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Journal Inquirer: Towns may get millions in virus aid; federal relief being debated in Congress

February 19, 2021
In The News

The $1.9 trillion federal coronavirus relief package being debated in Congress could result in millions of dollars in direct aid for area towns to help cover costs associated with the pandemic, U.S. Rep. Joseph D. Courtney announced Monday.

Overall, the 2nd Congressional District could get at least $167 million in relief spread out among its 64 municipalities, as well as more than $100 million in aid for counties in the district, which encompasses all of New London, Tolland, and Windham counties and parts of Hartford, Middlesex, and New Haven counties.

It is the largest congressional district geographically spanning the eastern half of the state.

While final details of the federal package are being debated and could change, several area towns are currently slated to receive significant assistance, including potentially close to $10 million for Enfield, more than $6 million for Vernon, and more than $3 million for Ellington.

Current expectations show that Coventry could receive about $2.5 million, more than $2 million for Somers, more than $3 million for Tolland, and about $1 million for Bolton.

“What I have heard from local leaders is that towns and cities in eastern Connecticut are struggling to manage the fallout from the fiscal and economic impact of the pandemic,” Courtney said in a written statement. “The funding the House is proposing in the American Rescue Plan is a powerful tool to provide much needed relief to our struggling local governments.”

Enfield Town Manager Christopher Bromson said Courtney and state Rep. Thomas Arnone, D-Enfield, conveyed the funding news to him over the weekend.

“We remain optimistic that there will be a vote by the end of this month,” Bromson said today, adding that town officials still need to work out the details on what that money can be used for and if there are any restrictions. “We will wisely spend that money to invest in the community and not for short term windfall.”

Bromson said he believes the federal funding is meant to help stimulate the economy, and there are a number of local public safety, public works, and capital projects that are awaiting a boost and could benefit from the funding.

“I believe this is more broad, and the intended purpose is to stimulate the economy,” Bromson said. “We have plenty of worthy projects if the money does materialize.”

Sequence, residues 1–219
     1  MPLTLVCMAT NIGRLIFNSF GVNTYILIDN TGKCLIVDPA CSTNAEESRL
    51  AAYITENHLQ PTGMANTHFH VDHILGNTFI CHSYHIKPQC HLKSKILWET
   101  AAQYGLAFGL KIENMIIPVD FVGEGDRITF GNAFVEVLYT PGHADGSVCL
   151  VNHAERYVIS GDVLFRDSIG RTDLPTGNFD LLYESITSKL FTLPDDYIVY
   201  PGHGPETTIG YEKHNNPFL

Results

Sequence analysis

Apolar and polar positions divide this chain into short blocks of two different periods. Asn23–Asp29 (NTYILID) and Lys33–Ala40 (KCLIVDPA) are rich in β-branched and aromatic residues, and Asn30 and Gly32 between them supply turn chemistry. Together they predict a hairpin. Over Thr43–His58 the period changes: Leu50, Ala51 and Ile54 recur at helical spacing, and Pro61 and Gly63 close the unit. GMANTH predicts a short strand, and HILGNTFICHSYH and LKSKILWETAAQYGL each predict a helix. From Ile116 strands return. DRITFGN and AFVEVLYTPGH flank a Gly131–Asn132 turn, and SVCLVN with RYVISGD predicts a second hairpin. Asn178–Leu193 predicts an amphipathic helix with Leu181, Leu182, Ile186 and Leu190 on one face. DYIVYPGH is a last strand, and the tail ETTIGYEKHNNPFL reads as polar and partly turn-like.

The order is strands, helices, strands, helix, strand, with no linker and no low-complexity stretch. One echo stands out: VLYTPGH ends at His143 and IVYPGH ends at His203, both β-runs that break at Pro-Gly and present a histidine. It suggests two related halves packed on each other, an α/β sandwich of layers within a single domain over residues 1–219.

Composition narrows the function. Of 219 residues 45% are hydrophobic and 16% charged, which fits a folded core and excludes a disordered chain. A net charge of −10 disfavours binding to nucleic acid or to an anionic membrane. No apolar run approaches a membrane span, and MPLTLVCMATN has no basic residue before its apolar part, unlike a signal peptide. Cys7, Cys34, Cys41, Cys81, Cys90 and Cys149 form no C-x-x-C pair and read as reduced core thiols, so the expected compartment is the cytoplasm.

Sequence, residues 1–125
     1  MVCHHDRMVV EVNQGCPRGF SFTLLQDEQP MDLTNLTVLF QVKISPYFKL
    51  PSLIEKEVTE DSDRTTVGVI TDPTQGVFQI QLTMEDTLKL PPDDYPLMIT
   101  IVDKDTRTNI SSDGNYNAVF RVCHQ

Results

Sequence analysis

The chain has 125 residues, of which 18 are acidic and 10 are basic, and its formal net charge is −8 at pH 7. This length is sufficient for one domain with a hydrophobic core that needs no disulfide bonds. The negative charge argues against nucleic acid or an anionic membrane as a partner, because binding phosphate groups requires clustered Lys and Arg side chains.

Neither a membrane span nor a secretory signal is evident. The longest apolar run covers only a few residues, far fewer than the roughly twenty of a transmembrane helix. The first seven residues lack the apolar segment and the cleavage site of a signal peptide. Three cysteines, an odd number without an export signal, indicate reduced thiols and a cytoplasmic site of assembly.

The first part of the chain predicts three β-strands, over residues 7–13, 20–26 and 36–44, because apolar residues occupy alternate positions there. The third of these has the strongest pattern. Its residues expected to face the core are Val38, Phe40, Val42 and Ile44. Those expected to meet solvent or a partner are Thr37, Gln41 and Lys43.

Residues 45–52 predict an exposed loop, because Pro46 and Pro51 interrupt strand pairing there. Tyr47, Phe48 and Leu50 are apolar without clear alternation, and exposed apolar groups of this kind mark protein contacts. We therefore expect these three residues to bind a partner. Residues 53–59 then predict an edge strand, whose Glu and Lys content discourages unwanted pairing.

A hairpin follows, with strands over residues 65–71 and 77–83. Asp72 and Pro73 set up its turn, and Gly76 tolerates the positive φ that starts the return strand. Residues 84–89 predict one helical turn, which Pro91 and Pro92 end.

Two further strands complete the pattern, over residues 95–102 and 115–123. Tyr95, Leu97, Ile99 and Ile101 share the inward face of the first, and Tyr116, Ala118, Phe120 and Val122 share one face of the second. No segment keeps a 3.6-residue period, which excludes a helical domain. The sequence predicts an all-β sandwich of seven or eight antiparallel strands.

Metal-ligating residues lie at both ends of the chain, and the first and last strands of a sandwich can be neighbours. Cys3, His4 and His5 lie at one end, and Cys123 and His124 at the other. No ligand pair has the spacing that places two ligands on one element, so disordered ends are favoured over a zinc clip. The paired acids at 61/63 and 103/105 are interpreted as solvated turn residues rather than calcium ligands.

The potential funding to municipalities comes in addition to $350 billion to help states and municipalities, which cleared the House Oversight Committee last week. Connecticut could receive about $4 billion through the bill, including roughly $2.7 billion to the state and $1.6 billion to municipalities, according to Courtney’s office.

“The state and local funds, paired with the K-12 education funding I helped pass in committee last week, will ensure that our towns are receiving the help they need to offset extreme and unpredictable budget deficits brought on by this pandemic,” Courtney said.

Further assistance for municipal budgets could come from hundreds of millions of dollars in relief for counties, including $29 million for Tolland County and $174 million for Hartford County.

Under the bill, funding would have to be used to help cover costs directly associated with the coronavirus pandemic or its adverse fiscal impacts, including to replace lost revenue.

Last week, nine of the 12 House committees charged with negotiating the new relief plan approved their portions of the bill, which along with the remaining three will be combined into a final bill that Courtney expects to be considered as soon as next week.

This month, Courtney announced more than $59 million in federal funding for Connecticut schools, which came in response to his proposal to provide federal aid to school districts that serve high numbers of schoolchildren from military and tribal nations families.

His efforts also led to an additional $12 million to the Connecticut Technical Education and Career System.

Click here to read the full article from the Journal Inquirer.